The question must now be asked as to whether or not, when a production cooperative is formed, the producers must inevitably lose their right of control over production; in other words, whether or not a centralised group authority must as a matter of course arrogate to itself all power over production. Without doubt dangers are lurking here, since at any given moment there remain powerful tendencies inherited from the capitalist mode of production making for the concentration of powers of control in a central authority. In the instance of the production cooperative, for instance, attempts will almost certainly be made to vest authority over the application of the accumulation fund in the hands of a central management body. Should this ever actually come about, the separate productive organisations would no longer have any decision-making authority. It is also possible that an attempt will be made to establish such a central authority for each production group, which would then dispose of the right to distribute the incoming production tasks amongst the various associated establishments, as well as to hold control over the final product. The indigenous factory or works organisations would then become no more than the executive organs of the central administration, which would mean that for them only the maintenance of the system of book-keeping internal to the establishment would remain as their sole necessary task. To what extent matters might come to this would depend upon the degree of insight and energy brought to bear by the producers themselves. Certain it is that no progress will be possible without a sharp struggle against these tendencies. Whatever fine-sounding slogans may be bandied about, independent administration and control remain the mandatory demand from which the free producers must on no account depart.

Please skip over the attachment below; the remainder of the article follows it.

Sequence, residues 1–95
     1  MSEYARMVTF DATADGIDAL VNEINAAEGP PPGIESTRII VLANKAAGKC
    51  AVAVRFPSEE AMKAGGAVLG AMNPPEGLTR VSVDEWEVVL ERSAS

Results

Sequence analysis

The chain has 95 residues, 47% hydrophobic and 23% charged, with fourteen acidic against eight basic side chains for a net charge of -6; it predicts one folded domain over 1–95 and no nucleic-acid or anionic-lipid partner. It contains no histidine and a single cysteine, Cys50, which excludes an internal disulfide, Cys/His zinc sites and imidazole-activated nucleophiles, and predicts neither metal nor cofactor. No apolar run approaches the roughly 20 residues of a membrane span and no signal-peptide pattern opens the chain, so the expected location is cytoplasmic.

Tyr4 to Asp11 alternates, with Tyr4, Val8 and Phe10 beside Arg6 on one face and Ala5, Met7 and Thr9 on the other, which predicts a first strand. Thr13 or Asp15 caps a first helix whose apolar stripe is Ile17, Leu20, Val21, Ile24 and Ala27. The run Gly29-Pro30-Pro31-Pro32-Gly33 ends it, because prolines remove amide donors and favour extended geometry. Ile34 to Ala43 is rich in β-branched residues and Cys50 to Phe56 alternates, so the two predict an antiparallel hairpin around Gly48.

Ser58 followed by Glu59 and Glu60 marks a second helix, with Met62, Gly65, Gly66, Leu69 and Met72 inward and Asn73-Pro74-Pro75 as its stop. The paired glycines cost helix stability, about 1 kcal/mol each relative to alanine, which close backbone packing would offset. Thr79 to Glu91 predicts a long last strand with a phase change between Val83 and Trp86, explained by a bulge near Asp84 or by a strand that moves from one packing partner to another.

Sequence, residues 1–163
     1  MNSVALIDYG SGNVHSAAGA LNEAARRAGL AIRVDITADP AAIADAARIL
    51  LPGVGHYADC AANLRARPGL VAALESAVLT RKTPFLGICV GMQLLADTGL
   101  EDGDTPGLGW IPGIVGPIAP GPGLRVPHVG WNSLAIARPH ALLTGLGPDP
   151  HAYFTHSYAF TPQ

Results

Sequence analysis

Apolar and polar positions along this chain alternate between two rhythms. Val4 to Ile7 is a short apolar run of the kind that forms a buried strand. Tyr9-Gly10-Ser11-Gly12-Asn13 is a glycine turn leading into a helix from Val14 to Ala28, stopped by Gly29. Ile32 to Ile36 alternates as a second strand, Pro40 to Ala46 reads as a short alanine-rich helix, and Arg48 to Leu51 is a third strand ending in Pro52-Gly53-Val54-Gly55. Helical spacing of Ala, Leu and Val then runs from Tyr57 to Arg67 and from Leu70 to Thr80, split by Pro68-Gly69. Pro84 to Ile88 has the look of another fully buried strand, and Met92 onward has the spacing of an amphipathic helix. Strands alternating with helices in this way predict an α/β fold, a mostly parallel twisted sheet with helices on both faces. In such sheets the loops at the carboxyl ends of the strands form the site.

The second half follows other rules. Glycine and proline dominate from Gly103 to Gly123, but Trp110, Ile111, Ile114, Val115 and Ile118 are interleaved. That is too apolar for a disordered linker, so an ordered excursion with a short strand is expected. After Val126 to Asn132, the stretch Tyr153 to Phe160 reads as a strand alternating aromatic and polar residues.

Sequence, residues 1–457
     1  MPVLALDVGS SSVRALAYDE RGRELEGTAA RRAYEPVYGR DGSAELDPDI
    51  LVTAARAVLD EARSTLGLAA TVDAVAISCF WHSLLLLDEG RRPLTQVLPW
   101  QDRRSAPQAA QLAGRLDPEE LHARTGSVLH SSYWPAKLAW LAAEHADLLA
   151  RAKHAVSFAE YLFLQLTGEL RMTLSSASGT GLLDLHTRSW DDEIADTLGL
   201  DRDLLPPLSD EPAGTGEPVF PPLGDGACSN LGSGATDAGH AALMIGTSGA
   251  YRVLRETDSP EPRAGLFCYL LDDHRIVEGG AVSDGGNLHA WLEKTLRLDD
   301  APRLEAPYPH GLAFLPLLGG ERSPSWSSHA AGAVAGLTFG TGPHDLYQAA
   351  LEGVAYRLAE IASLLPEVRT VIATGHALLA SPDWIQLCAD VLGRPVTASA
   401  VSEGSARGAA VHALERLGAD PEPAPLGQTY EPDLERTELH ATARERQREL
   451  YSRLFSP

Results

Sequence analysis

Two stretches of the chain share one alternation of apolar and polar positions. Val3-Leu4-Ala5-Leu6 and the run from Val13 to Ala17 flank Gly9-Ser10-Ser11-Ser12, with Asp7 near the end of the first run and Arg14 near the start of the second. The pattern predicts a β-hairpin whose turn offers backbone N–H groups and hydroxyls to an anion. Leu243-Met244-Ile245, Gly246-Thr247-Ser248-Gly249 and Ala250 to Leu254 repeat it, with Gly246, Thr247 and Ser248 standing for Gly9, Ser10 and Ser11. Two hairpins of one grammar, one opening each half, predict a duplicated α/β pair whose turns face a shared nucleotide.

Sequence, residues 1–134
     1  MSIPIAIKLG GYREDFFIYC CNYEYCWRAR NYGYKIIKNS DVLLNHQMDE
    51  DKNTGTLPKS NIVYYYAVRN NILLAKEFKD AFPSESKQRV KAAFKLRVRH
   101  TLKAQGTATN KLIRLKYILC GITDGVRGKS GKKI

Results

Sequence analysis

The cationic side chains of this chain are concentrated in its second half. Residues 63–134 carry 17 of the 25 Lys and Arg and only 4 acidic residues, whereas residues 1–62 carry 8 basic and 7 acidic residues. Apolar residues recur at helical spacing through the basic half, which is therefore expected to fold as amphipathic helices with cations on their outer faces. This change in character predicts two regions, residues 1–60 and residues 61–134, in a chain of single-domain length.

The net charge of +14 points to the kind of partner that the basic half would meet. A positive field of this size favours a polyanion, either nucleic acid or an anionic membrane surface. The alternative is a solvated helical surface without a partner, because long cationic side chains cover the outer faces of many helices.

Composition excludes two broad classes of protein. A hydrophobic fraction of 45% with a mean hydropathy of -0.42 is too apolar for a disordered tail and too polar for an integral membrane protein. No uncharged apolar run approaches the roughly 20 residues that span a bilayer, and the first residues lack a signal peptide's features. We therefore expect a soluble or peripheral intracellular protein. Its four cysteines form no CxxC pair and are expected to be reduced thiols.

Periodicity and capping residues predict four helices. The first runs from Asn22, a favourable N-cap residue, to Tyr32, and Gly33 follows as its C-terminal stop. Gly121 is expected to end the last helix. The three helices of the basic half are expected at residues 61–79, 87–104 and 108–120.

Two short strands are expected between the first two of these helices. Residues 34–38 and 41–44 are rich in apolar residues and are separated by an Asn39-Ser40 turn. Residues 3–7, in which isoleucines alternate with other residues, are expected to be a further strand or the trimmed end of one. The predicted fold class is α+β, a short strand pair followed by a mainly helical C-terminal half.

Thus the productive establishment appears as an independent unit which cements its relations with other productive establishments and consumer cooperatives. In this way the producers hold full responsibility in their hands, and the necessary leeway is given within which independent initiatives may move and breathe, and for the creative energies springing from the liberated working masses to enjoy full scope. The significance of the system of horizontal coordination is thus no more than a matter of accounting control which is necessary for determining Average Social Production Time and, in association with this, the degree of productivity of the separate productive establishments comprising the cooperative. However, matters must not be permitted to remain static at that stage of development, but a process of mutual technical interpenetration and interdependence must also come to be established. However important in itself this process may be, it must nevertheless remain subordinate to the decisive and principled demand for independent control. And this is a matter concerning which we can agree with Leichter in affirming: "At first glance one will assume that each separate productive establishment is more or less independent; a moment one looks a little more closely, however, one will recognise quite clearly the umbilical cord which joins each separate productive establishment ... with the rest of the economy." However, the universal, all-regulating bond which in reality unites "each separate productive establishment with the rest of the economy" is the formula for production and reproduction. It is this which places all industrial establishments on the same foundation; production for the purpose of securing the conditions necessary for the reproduction of the economy represents the common foundation uniting all productive establishments.